Catholic Diocese of Spokane, Washington

From the

Official News Magazine of the Diocese of Spokane

Deacon Eric Meisfjord, Editor
P.O. Box 48, Spokane WA 99210
(509) 358-7340; FAX: (509) 358-7302

Savior for you

by Father Michael Savelesky, for the Inland Register

(From the Dec. 20, 2007 edition of the Inland Register)

Father Michael Savelesky “Soon … and very soon,” as the verse from a popular Advent song announces, the Great Feast of Christmas will be upon us! It’s now only a matter of days!

Despite the cultural clamor and distracting glitter which is popular even for us Christians, the focus of our Christmas celebration once again will be the centuries-old but ever-so-fresh embrace of the Good News of the birth of the Savior of the world.

There is something very striking in that title: Savior. The festive dance which is Christmas rejoices that God “saves us” in Jesus, born of Mary. The beauty of it all is that God’s saving grace – or life-giving love; call it what we want – becomes present and touches us in a human relationship.

To refer to Jesus as “Savior” – with a capital “S” – is to confess that a relationship with him is the ultimate source of our personal salvation. Although our redemption has been accomplished in the life, death and Resurrection of Jesus once-and-for-all as a free gift of grace, the gift makes little difference if our own openness to a relationship with Jesus does not allow that grace of redemption to become a reality for us. Saving relationships are not a one-way street. Without a response in faith on our part, salvation in Jesus Christ remains packaged as a mere fact of history and a tidy theological statement.

In adult religious education class I often confront participants with the question: “Could God have saved us by becoming a garden slug?” The theologically clever (and misdirected) respond, “Yes, if that is what God wanted to do” – but they miss the entire point. The kudos go to the one who recognizes that salvation for us human beings must come on our terms, in a sense. It must meet us at the heart of the reality in which we live. A very profound part of that reality is our hunger for fullness of life, and our search for it in relationships. Maturity gradually develops in that search as we realize that the fullness of life cannot be found in things, but in people. It’s then that we can begin to understand the excitement of Christmas: that it is precisely in human relationships where God encounters us and saves us. To paraphrase one of my favorite theologians: “God so loves us that he creates us with a need for him so that he can fill it.”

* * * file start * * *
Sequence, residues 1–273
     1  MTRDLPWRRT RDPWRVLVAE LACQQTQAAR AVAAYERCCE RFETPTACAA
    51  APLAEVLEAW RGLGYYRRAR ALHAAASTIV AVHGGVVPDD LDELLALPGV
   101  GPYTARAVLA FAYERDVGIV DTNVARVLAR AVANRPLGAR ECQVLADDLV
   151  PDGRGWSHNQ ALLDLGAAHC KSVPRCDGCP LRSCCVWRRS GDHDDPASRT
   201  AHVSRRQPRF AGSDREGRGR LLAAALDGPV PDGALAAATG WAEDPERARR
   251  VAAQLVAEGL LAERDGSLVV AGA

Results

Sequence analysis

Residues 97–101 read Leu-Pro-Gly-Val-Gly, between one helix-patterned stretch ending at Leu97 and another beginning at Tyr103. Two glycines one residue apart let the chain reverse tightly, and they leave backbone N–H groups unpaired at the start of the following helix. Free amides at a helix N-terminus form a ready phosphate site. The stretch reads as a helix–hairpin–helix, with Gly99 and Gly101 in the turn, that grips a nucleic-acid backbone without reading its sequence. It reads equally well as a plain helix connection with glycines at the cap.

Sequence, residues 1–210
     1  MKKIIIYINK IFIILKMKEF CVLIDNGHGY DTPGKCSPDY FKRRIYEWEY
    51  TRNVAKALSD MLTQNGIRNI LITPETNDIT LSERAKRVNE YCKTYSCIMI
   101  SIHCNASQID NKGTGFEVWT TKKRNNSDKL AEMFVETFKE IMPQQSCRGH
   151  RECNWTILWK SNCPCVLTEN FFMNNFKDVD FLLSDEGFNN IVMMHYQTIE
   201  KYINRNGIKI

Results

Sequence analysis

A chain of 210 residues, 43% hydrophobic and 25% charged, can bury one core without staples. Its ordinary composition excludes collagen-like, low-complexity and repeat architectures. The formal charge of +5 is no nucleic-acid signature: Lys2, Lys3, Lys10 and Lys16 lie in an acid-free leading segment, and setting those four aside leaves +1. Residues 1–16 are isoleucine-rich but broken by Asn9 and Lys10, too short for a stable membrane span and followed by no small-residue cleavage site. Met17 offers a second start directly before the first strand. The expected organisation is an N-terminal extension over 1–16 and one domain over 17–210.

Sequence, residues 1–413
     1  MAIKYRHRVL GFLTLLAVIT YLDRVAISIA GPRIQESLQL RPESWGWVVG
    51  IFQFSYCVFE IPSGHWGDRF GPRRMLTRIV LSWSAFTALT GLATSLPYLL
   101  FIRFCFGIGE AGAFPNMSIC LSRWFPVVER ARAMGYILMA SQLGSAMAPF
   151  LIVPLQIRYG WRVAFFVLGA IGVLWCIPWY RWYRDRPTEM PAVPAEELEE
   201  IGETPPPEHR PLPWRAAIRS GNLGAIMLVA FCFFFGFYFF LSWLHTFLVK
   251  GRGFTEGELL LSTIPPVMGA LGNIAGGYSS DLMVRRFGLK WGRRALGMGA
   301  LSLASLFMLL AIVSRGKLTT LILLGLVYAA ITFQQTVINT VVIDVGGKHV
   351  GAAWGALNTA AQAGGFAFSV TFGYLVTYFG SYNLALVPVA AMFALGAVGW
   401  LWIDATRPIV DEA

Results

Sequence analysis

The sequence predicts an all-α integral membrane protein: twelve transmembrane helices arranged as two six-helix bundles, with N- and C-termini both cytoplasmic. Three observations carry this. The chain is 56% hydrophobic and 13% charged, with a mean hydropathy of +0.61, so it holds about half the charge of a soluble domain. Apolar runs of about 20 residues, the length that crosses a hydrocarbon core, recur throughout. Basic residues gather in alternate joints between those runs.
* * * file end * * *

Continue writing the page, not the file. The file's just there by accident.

People are not disposable. Relationships are not throw-away commodities. In every relationship with another person, we can experience a glimpse of God’s saving grace. Dare we make bold and admit that God saves us in and through other persons like ourselves! Each and every person is a “little savior.” He or she is not The Savior, obviously; but they are savior.

Nowhere can this amazing grace of saving relationships be seen more beautifully than in genuine friendships and in true married love. These sacraments of God’s presence are the living experience which roots us in our understanding of Jesus himself as Savior. If we cannot understand, accept and nurture friendship and married love, it is doubtful if we ever will be capable of entering fully into a genuine saving relationship with Jesus.

The little “saviors” in our lives – those individuals whose ever-increasing unconditional love and commitment to us brings such happiness and life – lead us to the Savior. They make real and tangible for us the truth about God which we hold in our hearts. In our hunger for fulfilling relationships with one another, we experience our hunger for God. In letting friends and spouses touch and transform us with their love, we allow God to save us. God’s Word becomes incarnate in them in a unique manner, and through them we are brought to life. Through them we are brought to God.

If we can accept friendships in this way, they can become more for us than companionship for football games, dinner parties or shopping sprees. We need not canonize our friends and spouses, but we benefit wonderfully when we discover in them God’s saving grace. Is it any wonder that we try our best to be with them in person for the Great Christmas Feast! It is there where we speak God’s language, rejoicing in the Word he has spoken to us in Jesus.

(Father Savelesky is pastor of Assumption Parish, Spokane, and director of the diocese’s Deacon Formation Program.)

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